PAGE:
Facts about this animal
The Sable Antelope is a large, dark coloured antelope with curved horns in both sexes and conspicuous black-and-white head markings. The name "sable" refers to the black colour of the male's coat. The male's head-body length is 210-255 cm, with a shoulder height of 127-143 cm. Body weight is 200-270 kg (males) and 190-230 kg (females). The scythe-like ringed horns grow to a length of 150 cm (males). Females are smaller than males and have a chestnut to dark brown darkening coat as they mature while (adult) males are very distinctively black. Both sexes have a white underbelly, white cheeks and a white chin and a well developed, coarse, stiff mane on the back of their neck.
Did you know?
the largest subspecies, the giant sable, unique to Angola was believed by many to be extinct after almost three decades of civil war? Fortunately, an investigation carried out in 2004/05, using remote cameras triggered by an infrared beam, could prove the contrary. A small herd of giant sable could be documented on film in the Kangandala National Park in the northern province of Malanje.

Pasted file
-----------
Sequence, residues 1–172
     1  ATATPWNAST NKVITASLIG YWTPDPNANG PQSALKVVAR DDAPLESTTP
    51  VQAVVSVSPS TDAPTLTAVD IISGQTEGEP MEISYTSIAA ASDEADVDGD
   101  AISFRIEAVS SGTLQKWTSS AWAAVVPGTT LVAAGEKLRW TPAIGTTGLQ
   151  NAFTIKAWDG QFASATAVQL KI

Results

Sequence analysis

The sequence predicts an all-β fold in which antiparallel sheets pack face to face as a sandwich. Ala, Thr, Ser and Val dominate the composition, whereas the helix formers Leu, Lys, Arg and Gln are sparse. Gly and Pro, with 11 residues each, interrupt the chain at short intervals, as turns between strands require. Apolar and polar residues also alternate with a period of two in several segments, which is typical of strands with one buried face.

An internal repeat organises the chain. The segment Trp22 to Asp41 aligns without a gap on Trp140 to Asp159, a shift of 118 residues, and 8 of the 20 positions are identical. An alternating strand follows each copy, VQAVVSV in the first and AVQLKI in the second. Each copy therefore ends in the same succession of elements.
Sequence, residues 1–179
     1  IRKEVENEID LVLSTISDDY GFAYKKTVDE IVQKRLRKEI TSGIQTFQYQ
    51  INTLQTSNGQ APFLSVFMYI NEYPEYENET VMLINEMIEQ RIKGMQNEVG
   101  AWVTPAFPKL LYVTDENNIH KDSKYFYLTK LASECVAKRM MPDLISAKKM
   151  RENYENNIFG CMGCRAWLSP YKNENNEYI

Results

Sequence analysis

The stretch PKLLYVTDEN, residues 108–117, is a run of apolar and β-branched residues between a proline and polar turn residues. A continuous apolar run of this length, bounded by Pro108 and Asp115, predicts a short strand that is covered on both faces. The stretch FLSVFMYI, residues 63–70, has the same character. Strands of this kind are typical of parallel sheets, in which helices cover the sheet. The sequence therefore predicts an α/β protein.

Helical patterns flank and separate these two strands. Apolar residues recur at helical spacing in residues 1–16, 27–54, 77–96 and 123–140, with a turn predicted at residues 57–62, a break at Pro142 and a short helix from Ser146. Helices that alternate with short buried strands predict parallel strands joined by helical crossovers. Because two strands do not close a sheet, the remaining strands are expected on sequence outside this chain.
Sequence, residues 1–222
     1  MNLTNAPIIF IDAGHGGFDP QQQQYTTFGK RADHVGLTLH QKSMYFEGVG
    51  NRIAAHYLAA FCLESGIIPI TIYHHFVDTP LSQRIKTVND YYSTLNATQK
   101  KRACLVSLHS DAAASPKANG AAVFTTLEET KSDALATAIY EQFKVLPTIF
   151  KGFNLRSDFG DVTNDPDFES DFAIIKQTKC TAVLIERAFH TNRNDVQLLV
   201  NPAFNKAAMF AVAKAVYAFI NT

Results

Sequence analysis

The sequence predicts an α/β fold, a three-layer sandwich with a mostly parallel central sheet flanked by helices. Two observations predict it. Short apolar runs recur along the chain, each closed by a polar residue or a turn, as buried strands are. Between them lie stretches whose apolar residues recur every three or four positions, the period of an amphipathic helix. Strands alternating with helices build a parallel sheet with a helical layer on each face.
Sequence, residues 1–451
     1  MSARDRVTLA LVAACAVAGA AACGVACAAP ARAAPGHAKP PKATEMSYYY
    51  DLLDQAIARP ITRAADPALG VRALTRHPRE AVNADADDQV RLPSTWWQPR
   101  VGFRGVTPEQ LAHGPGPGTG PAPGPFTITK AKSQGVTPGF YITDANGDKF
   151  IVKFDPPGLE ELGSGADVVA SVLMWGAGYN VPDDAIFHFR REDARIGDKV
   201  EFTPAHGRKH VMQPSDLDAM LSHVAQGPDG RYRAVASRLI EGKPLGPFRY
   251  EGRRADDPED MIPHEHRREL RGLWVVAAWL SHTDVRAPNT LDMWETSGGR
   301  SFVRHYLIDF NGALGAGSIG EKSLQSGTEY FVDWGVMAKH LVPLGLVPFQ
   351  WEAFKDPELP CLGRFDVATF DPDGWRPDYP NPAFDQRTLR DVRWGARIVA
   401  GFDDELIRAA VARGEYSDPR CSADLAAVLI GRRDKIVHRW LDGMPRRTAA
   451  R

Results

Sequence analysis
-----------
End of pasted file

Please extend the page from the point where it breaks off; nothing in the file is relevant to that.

|Name (Scientific)||Hippotragus niger|
|Name (English)||Sable Antelope|
|Name (French)||Antilope noire|
|Name (Spanish)||Antílope sable|
|Local names||Afrikaans: Swartwitpens
Portuguese: Palanca negra
isiNdebele: Umtjwayeli, ingwalathi
isiZulu, siSwati: Impalampalaki
Swahili: Mbarapi, pala halasePedi
seTswana, siLozi: Kwalatachi
Shona: Mharapara, ngwaratitshi
|CITES Status||Appendix I (subspecies variani only)|
|CMS Status||Not listed|
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|Range||South-eastern and southern Africa|
|Wild population||75.000 (1999)(Red List IUCN 2011)|
|Zoo population||357 reported to ISIS (2005)|
In the Zoo
How this animal should be transported
For air transport, Container Requirement 73 of the IATA Live Animals Regulations should be followed.
Road transport (according to the South African Standard SANS 10331): Transport adult bulls separately under tranquillization. Transport cows, calves and subadult bulls in mass crates under tranquillization. If transported individually, the crates should be placed transversely on the transport vehicle, so that the heads of the animals face outwards.
Find this animal on ZooLex
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Why do zoos keep this animal
While listed in the "lower risk" category by IUCN, sable antelope populations are quite rare in parts of their range. Zoos therefore aim at maintaining selfsustaining ex situ populations and run coordinated breeding programmes in three regions. Zoo bred-animals have already been sent back to South Africa for the purpose of being reintroduced to conservation areas where they have become locally extinct.